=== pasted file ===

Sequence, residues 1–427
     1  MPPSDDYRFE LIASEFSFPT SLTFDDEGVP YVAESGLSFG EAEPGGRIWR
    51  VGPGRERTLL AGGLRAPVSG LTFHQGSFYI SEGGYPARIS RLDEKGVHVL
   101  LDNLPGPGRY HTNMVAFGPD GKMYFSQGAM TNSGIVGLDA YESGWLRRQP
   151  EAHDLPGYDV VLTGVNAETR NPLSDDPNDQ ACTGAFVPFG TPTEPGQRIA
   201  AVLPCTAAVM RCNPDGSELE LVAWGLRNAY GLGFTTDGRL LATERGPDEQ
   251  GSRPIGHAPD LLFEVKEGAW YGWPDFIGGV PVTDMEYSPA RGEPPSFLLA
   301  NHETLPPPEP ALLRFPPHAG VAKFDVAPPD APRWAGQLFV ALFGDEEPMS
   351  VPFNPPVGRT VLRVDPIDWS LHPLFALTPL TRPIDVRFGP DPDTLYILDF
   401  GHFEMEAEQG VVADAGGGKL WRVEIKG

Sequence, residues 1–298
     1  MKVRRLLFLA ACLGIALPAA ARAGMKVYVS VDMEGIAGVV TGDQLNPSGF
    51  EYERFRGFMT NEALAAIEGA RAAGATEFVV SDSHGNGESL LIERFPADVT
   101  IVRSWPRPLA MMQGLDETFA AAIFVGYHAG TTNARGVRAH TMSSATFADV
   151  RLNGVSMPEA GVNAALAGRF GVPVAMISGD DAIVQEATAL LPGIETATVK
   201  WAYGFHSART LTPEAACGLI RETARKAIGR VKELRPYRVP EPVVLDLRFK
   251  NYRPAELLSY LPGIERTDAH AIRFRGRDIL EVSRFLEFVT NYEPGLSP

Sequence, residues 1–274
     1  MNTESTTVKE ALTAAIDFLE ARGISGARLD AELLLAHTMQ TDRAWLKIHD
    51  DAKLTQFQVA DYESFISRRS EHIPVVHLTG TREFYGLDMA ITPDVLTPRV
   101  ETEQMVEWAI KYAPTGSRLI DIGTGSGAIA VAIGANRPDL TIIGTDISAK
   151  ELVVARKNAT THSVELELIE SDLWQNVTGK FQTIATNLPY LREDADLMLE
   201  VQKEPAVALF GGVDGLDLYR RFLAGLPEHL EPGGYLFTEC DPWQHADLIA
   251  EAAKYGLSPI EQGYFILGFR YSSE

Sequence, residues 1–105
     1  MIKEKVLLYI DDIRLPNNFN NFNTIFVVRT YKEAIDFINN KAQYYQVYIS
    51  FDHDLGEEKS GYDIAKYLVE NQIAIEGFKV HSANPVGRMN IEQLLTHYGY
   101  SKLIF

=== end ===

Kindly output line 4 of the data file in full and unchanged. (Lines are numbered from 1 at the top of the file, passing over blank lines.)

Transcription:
   101  LDNLPGPGRY HTNMVAFGPD GKMYFSQGAM TNSGIVGLDA YESGWLRRQP